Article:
Fliedner isn’t afraid of being contrarian — in fact, he’s cultivated a crusading “outsider” stance in the race, despite having spent almost thirty years as an assistant district attorney in Brooklyn. One of his most significant heresies is a refusal to participate in the deification of Thompson, who has been lauded at recent forums by candidates eager to claim his legacy. Fliedner left Thompson’s office after a dispute over the trial of Peter Liang, the police officer who fatally shot Akai Gurley in 2014. Fliedner prosecuted Liang and secured an unprecedented conviction on a manslaughter charge (he says this charge was already a compromise), but office leadership decided to treat Liang as an “extraordinary” case and give him probation instead of jail time. Gonzalez, who has received donations from bail bond companies and was endorsed by a police union, declined a Voice request for comment.

Fliedner, who says he had already been frustrated by what he saw as ineffectiveness and mismanagement in the D.A.’s office, quit to start a private civil rights firm, deeming the system broken beyond repair. After his departure he also described Thompson to the media as an “abusive” boss who “misuses his staff”; he now admits that he had no idea Thompson had been diagnosed with cancer, but stands by the characterization. He also praises Thompson’s predecessor, Charles Hynes, whose tenure was clouded by a number of corruption scandals but whom Fliedner says sought to create constructive alternatives to incarceration. Fliedner wants to go even further, though: Other candidates might be progressive, he says, but they’re not coming from the “front-row, impassioned place” he is. He vows not just to overturn the culture of the D.A.’s office to align with his reformer’s “vision” but to enact “legitimate systemic change in policy.”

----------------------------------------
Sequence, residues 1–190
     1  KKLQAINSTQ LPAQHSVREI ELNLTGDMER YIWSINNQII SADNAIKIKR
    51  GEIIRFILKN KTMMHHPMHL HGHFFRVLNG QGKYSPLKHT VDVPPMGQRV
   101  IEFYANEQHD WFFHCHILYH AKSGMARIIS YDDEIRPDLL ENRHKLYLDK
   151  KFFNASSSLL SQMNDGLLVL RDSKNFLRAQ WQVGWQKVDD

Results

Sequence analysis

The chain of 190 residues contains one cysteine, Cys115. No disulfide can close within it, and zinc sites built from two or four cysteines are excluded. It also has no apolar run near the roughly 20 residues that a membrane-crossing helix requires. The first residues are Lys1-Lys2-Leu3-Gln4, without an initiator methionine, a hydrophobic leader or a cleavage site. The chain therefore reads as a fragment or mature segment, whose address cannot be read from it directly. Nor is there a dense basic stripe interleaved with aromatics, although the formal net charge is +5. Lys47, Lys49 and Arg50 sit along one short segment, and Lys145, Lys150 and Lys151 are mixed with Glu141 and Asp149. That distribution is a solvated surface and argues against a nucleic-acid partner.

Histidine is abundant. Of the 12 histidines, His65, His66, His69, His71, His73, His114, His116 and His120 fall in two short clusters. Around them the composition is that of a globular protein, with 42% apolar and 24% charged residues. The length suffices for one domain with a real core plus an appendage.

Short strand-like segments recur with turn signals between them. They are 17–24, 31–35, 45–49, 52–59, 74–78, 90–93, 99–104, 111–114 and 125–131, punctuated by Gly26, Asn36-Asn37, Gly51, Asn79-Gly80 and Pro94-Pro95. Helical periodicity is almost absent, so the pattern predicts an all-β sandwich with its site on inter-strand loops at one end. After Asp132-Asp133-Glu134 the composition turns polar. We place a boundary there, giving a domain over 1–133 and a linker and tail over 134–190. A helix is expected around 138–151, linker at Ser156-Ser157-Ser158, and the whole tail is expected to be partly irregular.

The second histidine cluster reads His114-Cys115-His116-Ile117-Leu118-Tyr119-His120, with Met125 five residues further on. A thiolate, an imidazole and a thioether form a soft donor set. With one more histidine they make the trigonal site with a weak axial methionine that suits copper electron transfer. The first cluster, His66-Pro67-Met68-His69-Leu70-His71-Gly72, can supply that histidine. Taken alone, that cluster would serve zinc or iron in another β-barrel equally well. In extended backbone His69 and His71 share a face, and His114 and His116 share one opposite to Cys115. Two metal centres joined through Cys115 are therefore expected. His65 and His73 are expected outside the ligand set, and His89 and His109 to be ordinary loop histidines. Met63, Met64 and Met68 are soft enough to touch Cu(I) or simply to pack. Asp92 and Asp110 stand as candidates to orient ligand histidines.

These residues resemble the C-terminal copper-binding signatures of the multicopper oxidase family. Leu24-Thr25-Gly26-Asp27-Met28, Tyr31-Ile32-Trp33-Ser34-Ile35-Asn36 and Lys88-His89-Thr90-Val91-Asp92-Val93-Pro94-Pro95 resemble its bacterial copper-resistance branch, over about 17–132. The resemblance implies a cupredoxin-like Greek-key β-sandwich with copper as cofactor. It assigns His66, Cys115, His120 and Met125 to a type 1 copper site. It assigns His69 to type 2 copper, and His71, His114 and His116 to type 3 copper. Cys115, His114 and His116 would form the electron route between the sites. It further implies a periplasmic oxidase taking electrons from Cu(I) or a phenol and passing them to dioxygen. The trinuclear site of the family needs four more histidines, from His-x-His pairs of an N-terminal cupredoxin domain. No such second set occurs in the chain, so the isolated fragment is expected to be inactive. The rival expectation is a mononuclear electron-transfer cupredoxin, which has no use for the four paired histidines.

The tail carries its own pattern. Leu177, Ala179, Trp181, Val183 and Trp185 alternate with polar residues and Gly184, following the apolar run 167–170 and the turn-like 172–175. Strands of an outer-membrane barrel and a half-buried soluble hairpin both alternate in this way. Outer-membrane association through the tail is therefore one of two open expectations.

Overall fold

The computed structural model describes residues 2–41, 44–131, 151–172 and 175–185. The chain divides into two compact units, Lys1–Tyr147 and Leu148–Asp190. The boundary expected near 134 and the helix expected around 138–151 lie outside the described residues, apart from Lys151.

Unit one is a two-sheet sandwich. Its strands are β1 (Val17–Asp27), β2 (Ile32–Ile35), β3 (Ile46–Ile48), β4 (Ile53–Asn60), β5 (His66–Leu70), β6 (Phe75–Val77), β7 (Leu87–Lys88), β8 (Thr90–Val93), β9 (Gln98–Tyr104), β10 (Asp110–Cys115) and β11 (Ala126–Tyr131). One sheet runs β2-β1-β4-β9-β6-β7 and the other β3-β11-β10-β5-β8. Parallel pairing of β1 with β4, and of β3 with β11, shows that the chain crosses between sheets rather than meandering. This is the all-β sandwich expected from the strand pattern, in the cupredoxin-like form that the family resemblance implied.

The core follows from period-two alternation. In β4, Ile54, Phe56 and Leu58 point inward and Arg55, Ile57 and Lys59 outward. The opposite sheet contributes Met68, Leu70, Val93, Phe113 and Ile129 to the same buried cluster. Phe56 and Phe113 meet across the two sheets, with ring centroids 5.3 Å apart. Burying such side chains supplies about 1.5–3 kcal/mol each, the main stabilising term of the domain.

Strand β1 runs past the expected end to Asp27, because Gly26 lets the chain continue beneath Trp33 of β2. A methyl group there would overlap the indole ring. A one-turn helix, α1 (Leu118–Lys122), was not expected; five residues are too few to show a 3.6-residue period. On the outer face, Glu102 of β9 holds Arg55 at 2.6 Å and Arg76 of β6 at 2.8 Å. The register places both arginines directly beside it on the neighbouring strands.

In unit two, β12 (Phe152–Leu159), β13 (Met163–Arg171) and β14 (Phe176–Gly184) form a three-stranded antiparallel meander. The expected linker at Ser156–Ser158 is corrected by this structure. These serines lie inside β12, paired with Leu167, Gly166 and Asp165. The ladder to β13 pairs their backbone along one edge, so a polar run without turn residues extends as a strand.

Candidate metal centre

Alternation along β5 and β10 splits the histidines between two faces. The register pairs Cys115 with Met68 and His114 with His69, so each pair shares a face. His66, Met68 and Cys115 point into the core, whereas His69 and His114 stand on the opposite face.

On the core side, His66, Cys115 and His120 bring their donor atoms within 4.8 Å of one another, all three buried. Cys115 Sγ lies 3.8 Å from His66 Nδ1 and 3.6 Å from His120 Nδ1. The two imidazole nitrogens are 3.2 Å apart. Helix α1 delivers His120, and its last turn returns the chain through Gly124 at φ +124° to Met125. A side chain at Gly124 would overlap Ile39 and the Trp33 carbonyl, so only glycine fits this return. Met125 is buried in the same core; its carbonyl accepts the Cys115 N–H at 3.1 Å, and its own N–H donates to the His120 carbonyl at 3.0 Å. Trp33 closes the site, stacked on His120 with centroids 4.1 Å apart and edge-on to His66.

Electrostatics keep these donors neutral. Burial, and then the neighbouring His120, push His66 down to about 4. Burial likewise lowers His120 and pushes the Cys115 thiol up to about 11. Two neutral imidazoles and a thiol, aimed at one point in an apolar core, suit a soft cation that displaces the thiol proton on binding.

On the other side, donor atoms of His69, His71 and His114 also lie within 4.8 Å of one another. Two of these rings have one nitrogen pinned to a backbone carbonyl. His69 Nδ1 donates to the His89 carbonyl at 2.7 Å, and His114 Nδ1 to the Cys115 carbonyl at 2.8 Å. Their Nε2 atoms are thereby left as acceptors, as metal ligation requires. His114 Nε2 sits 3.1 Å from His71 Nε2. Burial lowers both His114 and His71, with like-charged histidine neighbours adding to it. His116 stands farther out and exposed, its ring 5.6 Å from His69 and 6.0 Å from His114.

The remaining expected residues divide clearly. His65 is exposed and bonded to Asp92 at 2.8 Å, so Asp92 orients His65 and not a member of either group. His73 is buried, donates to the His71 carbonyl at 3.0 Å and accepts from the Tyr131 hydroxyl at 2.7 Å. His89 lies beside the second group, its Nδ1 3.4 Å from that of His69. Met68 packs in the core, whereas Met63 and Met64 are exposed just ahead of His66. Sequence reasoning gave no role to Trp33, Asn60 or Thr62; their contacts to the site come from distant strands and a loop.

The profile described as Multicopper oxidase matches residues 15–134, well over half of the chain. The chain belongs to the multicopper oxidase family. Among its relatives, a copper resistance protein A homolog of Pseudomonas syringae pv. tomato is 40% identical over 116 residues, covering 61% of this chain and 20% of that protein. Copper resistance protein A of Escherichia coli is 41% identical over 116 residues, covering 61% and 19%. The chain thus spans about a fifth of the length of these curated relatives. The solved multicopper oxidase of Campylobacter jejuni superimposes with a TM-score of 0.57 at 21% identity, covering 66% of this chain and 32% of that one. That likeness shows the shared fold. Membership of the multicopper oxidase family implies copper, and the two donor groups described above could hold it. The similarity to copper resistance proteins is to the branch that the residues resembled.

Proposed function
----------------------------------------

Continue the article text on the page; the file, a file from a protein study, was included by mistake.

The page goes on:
Fliedner and Panovich, who took over the campaign in March after Fliedner fired consultants from the pro-LGBTQ Victory Fund (Fliedner is the first out gay man to campaign for D.A. anywhere in the United States), say they’re hoping to appeal to a small group of “engaged” progressive voters in order to beat Gonzalez’s “machine” campaign. It’s not exactly clear who they think counts as an “engaged” voter, but Fliedner praised the crowd at Starr Bar to me repeatedly, calling them “the folks that get it” and saying DSA “perfectly defines him” against those who “purport to be progressive.” He sees his campaign, he says, as an attempt to see “whether the post-November motivations of millennials turns into a vote for a D.A. candidate.”